Origin of Grapes
Wild grapes were first gathered by some of the earliest civilizations during the Neolithic era from 6,000 to 6,500 BC. According to the book, “Grapes,” cultivation of the fruit likely began in Southern Caucasia, known today as northwest Turkey and northern Iraq. Circa 4,000 BC, these early societies took Vitis vinifera vines en route to trade them with Palestine, Syria, Egypt, Mesopotamia and the Mediterranean.
By the 3rd century BC, the Romans and Greeks were ardent grape—and consequently, wine—growers. Roman mythology is replete with references of an effeminate young boy, Bacchus, also known as Dionysus to the Greeks. This figure was the “god of grapes,” also ruling over the causally related fields of wine, debauchery, revelry, festivity, fertility, and madness. Indeed, both civilizations had great reverence for the grape: Greek intellectual gatherings often included a glass of wine, and drinking the fermented fruit in moderate quantities was perceived as a spiritual practice. Even today, Roman Catholics take communion by drinking a small amount of red wine to represent the blood of Christ. By the 16th century, grapes had spread throughout Europe and up north to Britain.
Grapes first appeared in India in 1300 AD when Persian invaders brought them to Maharashtra. Though it’s likely that grapes reached the South before this time, Christian missionaries credit themselves with grape’s introduction to Madras circa 1800s.
Today, The UN’s Food and Agricultural Organization lists the top grape producers as China, Italy, the US, France, and Spain. India ranks 15th, accounting for 1.8 percent of the global share with its production of 1.24 million metric tons.
Availability of Grapes in India
India has several diverse grape growing regions. Maharashtra is India’s top producer, accounting for nearly 84 percent of the country’s grapes. Karnataka is a distant second, growing 11 percent. Tamil Nadu, Andhra Pradesh, Mizoram, Punjab, and Jammu & Kashmir account for the rest of India’s grape production.
India grows over 20 varieties of grapes, with the Thompson seedless being the most popular cultivar. The country also produces a few local strains, including the interestingly named “Bangalore Blue,” “Arka Krishna, and “Anab-e-Shahi.”
India’s grape season lasts from January through October, with different varieties rolling in and out of these months. Export season is from January to April.
|Table from UN's Food and Agriculture Organization|
Table from Food and Agriculture Organization of the UN
Where to find Grapes in India
Grapes are easy to find in India. Pushcarts, produce stalls, and markets large and small carry them them. That said, sweet grapes are not always available. Always taste a grape beforehand to ensure they’re sweet and fresh.
Grapes—especially imported ones—are not always cheap. Globe grapes and sweet, seedless varieties imported from Australia or the US cost the same as kiwi, dragon fruit, and Thai guavas. Local grapes cost a tenth of the price, and are often more flavorful and fresher than their imported counterparts.
Three or four raisin varieties are available at any fruit and nut store, from Kashmiri to Thompson.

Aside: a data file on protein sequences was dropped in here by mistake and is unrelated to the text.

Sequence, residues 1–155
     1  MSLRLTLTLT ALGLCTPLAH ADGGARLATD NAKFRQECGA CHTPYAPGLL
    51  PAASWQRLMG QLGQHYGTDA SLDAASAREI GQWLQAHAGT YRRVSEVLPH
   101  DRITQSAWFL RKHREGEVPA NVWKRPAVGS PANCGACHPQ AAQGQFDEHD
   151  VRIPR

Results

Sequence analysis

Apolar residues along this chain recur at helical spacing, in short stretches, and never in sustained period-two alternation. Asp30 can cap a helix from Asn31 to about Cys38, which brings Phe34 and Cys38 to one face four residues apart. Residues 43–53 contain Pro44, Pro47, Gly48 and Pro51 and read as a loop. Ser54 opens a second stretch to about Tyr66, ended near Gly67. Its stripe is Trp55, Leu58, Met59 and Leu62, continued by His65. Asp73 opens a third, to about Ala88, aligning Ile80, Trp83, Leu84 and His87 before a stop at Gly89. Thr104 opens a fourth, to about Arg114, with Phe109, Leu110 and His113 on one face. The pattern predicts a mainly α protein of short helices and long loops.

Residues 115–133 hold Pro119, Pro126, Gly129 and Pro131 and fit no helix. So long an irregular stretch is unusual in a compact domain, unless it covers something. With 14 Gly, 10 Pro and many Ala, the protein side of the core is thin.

How to Select the Best Grapes
Picking grapes is an art, one that’s usually performed by the farmer well before the grapes reach the market. For green grapes, look for a vibrant lime-green or golden hue and consume them at their ripest when they’re a golden amber color. Some purple globe grapes have firm taut skin with a thin flesh, while a minority taste best when its flesh is pliable and yields to the touch.
The variability in color, shape, and texture between grapes makes it impossible to declare hard and fast rules regarding the perfect grape. The best indicator is its taste, which is why it bears repeating to eat a fruit before purchasing. Some of the brightest grapes may be sour, whereas underwhelming purple grapes may taste honey sweet.
When choosing grapes, inspect the entire bunch to avoid picking a cluster with mold and rot building near the bottom of the bag. Steer clear of bruised, crushed, spotted, and molding fruits. Also avoid bags with sticky, leaking juice of crushed grapes. Ideal bags have smooth grapes sans wrinkles that are firmly held by the stem, and the color of all of the grapes should be uniform.
|India sells all 9 of these varieties... and others!|
Taste of Grapes
Grapes are juicy, sweet, refreshing, and at times, have a puckering brightness. Others—particularly the darker grapes—have rich, musky, floral notes. A widely held difference between the purple and green grapes is thus: purple types are sweeter and spicier, whereas green grapes are more delicate yet tart. With over 600 varieties of grapes in the Vitis genus, no single flavor profile for the grape exists.
The grape’s skin resembles a plum in its tart, tangy flavor. Like plums, grape skins are also packed with nutrients. If the grapes have large seeds, they tend to taste bitter and astringent. Though today’s growers attempt to standardize the taste of grapes by cultivating sweet-skinned seedless grapes, wilder grapes with seeds have a much more complex, multifaceted flavor.
Wine grapes are smaller with thicker skins, whereas table grapes have thinner skin, smaller seeds, and have higher sugar.
Nutritional Value of Grapes
The nutritional value of grapes (100g of edible flesh) is…
18.1g Carbs (14% RDI)
.9g Fiber (4% RDI)
.2g Fat (negligible)
.7g Protein (2% RDI)
.1mg B1/Thiamine (6% RDI)
.1mg B2/Riboflavin (6% RDI)
.1mg B6/Pyridoxine (7% RDI)
3.2mg Vitamin C (4% RDI)
14.6ug Vitamin K (16% RDI)
.1mg Copper (14% RDI)
.4mg Iron (2% RDI)
7mg Magnesium (2% RDI)
.1mg Manganese (4% RDI)
20mg Phosphorous (3% RDI)
191mg Potassium (4% RDI)
Health Benefits of Grapes
Grapes have exceptional health benefits. They low in fat, as well as high in fiber, B1, B2, B6, Vitamin K and Potassium. The fruits also possess two other powerhouse compounds: resveratrol and polyphenols. As a general note, the darker-skinned grapes have the highest levels of antioxidants.
Fresh grapes also offer more benefits than grape juice. This is because juice is often pasteurized, a heating process by which the nutrient availability becomes reduced. Furthermore, the juicing process removes the nutrient-rich skin. With grapes and health benefits, the mantra rings true: Fresh is best.